Roy Chen Yee | 06 July 2017


When the police cannot detain for more than a few hours even a suspected murderer without bringing him/her before a magistrate, why is it that that a border force officer can detain someone without the consent of a magistrate and a minister can deport someone without bringing him or her before a judge?
Ginger Meggs | 07 July 2017


I agree Fatima, I like your comments 'The bigger the shoes, the lighter the tread'. It may be that those in Government feel very small and so they are trying to have a heavier stamp on things. The implications of increased power, narrowly spread and less accountable, are wide for all Australians. Pragmatism can end up overtaking human value and rights. ..as already seems to be the case with the refugees who arrived by sea.
Kerry Holland | 07 July 2017


In response to Roy Chen Yee - I doubt that Cornelia Rau and her family would agree with your comment. I completely agree with the thrust of this article. We already have strong legal systems in place, with checks & balances. The Minister & his department are becoming too powerful. Variations on this have happened before. Can't you hear the jackboots coming?
Jen Coughran | 07 July 2017


My thoughts exactly, Roy. Well put.
hh | 07 July 2017


The people in question would not have had visas cancelled if they were not involved in SERIOUS CRIME warranting their deportation.
Nancy | 07 July 2017


Jen Coughran, there is injustice caused by a system that is meant to be unjust, injustice caused by imperfections in the system and injustice caused by officials who don't follow the system. The DIBP website also contains official documents on the Rau and Vivian Solon cases.
Roy Chen Yee | 08 July 2017


Very clearly and succintly argued as per usual, Fatima. My beef with it is in the following comment, which sticks out like a sore thumb: "The problem, however, is that such solutions offer no dividends in a political climate that weaponises citizenship. There is nothing in it for the minister, nor the Coalition." There are indeed big dividends for the Minister and the Coalition Parties in a political climate in which the electorate is on constant alert to the dangers of 'unrestricted' immigration, even though citizenship ought not to be confused with migration and asylum-seeking. Somewhere in all of this the Right has already won the debate on immigration restriction and seeks to augment its advantage by coupling citizenship discourse with covert racism as well as fear of terrorism. After all it wasn't so long ago that an Indian doctor was illegally detained for using a suspect sim card and a mentally ill Australian citizen of foreign birth illegally deported to The Philippines.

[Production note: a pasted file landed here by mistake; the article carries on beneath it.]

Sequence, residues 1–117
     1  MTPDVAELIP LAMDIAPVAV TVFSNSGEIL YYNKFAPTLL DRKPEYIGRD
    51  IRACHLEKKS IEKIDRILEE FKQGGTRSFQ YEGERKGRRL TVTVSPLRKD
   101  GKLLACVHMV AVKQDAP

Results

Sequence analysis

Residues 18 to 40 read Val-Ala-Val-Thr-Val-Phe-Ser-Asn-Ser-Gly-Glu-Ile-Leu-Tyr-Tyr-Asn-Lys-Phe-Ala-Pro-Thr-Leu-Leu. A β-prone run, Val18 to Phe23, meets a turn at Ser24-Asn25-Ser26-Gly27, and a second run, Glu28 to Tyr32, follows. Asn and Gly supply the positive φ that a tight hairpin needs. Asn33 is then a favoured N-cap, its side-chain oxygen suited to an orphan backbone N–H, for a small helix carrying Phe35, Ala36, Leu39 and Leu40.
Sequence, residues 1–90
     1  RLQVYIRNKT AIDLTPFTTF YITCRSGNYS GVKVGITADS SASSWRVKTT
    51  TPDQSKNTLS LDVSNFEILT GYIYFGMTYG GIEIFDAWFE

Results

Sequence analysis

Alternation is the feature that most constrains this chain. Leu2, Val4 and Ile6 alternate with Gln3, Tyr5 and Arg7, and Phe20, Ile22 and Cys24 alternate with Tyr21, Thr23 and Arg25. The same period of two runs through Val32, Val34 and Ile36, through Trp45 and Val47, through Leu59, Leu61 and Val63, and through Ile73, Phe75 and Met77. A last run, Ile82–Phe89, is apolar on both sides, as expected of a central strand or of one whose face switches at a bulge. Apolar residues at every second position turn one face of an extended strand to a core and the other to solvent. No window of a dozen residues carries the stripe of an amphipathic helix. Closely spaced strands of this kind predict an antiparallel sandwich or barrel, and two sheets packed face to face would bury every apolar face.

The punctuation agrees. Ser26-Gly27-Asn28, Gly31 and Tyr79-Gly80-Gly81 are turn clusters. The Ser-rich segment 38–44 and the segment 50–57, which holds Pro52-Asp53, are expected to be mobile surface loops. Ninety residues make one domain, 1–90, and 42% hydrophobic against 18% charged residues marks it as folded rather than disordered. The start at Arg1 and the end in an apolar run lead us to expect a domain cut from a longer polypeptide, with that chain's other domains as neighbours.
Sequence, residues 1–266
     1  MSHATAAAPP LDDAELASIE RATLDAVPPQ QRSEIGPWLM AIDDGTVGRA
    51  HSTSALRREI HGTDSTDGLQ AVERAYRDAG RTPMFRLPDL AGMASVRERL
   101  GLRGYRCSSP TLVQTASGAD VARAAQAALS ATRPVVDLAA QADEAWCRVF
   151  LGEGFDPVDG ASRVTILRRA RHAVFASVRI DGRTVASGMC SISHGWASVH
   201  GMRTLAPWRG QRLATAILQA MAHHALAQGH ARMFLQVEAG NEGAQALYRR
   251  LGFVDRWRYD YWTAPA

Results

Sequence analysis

Dr Michael Furtado | 08 July 2017


They were Australian citizens, Nancy, and they were placed in detention without trial ! Cornelia Rau was actually exiled by executive fiat - no offence, no charge, no trial, no testing of the evidence before a court, no need to prove that she was not a citizen. If it can happen to her it can happen to you.
Ginger Meggs | 10 July 2017


Nancy I'm afraid that you have been misled by Peter Duttons propaganda - Would you consider a number of driving without a licence convictions a reason to deport someone? You don't even have to spend time in Gaol to be detained and deported a 12 month Good Behaviour Bond is good enough. How about people who have made a mistake during their early life and been gaoled for 12 months returned to the Community and raised a family and become regular citizens then 16 years later been detained by Border Force at their place of work and taken to Villawood with their family not knowing why they haven't returned from work. The section 501 is mandatory and retrospective - extending back for the whole of your life long after the legal extinguishing of a criminal record at 10 years - I know of a 79yr old in Villawood with his wife in a nursing home and a handicapped son trying to fend for himself his mistake was 42 years ago. The public need to stop listening to the propaganda put out by Immigration and look at the facts
Pete | 10 July 2017